Erie Maritime Law Attorney
Guiding You Through Maritime Injury Claims
Workplace accidents can be complicated, but they can be even more complex when you work in the maritime industry. Private maritime businesses and other nautical operations are governed by maritime law. Also known as admiralty law, this body of laws, conventions, and treaties addresses everything from piracy to workplace injuries. Whether you are injured at sea or on the dock, you need an attorney who understands maritime law and how it plays into your case.
Attorney McNair of McNair Law Offices, PLLC has been in practice since 1981 and handled many maritime cases over the years. Our firm can help you, too.
All you have to do is call us at (814) 250-3662 today.
Where Does Maritime Law Apply?
Maritime law applies to all legal disputes that originate in navigable waters. A body of water is “navigable” when it can be used for interstate or foreign commerce. Within the United States, large rivers that flow into the ocean or cross state lines are navigable, but most lakes are not. Some lakes, however, span multiple states and are, thus, considered navigable and governed by maritime law. Lake Erie is one such lake.
Admiralty law also applies to certain piers, docks, and harbors, and to all maritime workers. Maritime workers are employees who work in nautical matters – they do not necessarily have to work on boats or be seamen.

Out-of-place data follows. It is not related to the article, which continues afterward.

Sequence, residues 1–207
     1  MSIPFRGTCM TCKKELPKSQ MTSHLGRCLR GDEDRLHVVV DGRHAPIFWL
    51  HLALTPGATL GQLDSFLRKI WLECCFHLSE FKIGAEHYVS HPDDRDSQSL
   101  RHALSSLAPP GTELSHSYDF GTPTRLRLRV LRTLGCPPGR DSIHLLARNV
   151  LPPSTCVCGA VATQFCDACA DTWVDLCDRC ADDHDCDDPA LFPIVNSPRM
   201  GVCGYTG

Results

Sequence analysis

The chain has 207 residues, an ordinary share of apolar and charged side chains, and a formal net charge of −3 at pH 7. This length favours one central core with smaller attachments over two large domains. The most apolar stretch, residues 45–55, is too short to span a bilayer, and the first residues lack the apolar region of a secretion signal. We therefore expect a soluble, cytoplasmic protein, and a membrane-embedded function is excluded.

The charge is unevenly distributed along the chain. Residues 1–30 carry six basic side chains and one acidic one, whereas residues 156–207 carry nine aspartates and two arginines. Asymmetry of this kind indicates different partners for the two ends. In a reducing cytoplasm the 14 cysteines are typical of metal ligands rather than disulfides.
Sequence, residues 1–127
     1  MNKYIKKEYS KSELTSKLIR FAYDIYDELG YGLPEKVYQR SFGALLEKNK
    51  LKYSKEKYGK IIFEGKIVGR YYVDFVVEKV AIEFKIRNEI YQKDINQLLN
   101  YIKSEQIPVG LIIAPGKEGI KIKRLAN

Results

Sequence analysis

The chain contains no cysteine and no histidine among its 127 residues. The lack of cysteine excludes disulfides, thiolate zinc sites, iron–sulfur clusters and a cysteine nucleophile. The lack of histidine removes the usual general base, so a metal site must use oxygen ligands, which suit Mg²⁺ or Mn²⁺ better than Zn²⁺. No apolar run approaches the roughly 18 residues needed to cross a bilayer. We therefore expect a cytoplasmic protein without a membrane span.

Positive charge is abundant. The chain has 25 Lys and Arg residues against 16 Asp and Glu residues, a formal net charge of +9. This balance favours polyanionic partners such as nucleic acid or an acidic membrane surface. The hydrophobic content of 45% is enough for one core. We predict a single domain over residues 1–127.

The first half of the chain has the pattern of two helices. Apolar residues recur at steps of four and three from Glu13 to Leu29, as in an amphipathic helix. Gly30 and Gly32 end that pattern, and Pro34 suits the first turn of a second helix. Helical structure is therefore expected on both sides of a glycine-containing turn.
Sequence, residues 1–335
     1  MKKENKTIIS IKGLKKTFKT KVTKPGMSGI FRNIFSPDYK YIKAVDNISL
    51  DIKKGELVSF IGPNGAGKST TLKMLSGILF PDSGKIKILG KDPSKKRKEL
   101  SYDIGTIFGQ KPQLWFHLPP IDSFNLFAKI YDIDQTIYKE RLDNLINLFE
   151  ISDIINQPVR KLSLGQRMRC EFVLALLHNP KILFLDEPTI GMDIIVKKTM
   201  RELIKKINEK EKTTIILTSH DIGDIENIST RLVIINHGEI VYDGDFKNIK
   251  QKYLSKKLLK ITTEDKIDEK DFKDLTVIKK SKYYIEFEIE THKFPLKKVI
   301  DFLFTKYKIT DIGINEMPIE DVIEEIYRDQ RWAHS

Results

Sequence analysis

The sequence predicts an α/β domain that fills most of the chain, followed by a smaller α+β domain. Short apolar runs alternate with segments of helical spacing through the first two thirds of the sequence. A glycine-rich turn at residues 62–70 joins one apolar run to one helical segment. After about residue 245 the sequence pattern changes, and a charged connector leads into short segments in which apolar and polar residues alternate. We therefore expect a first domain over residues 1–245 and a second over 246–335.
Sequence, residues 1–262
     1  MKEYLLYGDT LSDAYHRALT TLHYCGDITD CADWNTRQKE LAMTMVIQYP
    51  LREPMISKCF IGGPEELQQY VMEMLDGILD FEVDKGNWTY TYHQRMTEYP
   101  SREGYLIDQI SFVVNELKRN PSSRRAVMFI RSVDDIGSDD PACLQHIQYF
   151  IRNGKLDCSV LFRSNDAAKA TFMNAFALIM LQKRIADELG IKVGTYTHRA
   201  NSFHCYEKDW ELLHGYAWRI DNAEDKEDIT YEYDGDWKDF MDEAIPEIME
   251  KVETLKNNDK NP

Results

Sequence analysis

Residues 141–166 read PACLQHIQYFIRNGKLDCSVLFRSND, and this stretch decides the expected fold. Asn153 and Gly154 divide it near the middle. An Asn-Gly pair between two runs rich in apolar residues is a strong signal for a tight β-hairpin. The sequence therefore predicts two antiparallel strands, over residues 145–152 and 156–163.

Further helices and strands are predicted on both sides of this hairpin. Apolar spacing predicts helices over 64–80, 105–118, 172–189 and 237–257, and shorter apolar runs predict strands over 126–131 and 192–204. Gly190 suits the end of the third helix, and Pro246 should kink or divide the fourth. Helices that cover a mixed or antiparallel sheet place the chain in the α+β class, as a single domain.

If you’ve been injured on or around Lake Erie, our local maritime lawyer is here to help.
Employees or passengers who get hurt at sea – or even around boats – can file personal injury lawsuits. Still, some of these injuries are known as maritime injuries and will need to adhere to certain maritime laws. Seamen, for example, are protected by the Jones Act.
The Jones Act
Under the Jones Act, injured seamen may sue their employers for negligence. Dealing with a workplace injury is different for seamen, as the federal Jones Act overrides the workers’ compensation process.
The Jones Act requires employers to provide seamen with a reasonably safe place to work. If employers fail to maintain a safe workplace and seamen are injured, the burden of proof for negligence is notably low. If an employer is even 1% to blame for a seaman’s injury, the seaman should be able to recover compensation.
Unfortunately, not all maritime employees are considered seamen, nor are they covered by the Jones Act.
The Longshore Act
Maritime workers who are not covered by the Jones Act are usually covered by the Longshore and Harbor Workers’ Compensation Act. This federal workers’ compensation law governs workers’ comp claims for injured maritime employees, especially those who work on or near the water and in locations like docks, shipyards, or shipping terminals. Again, this federal act overrides state workers’ compensation.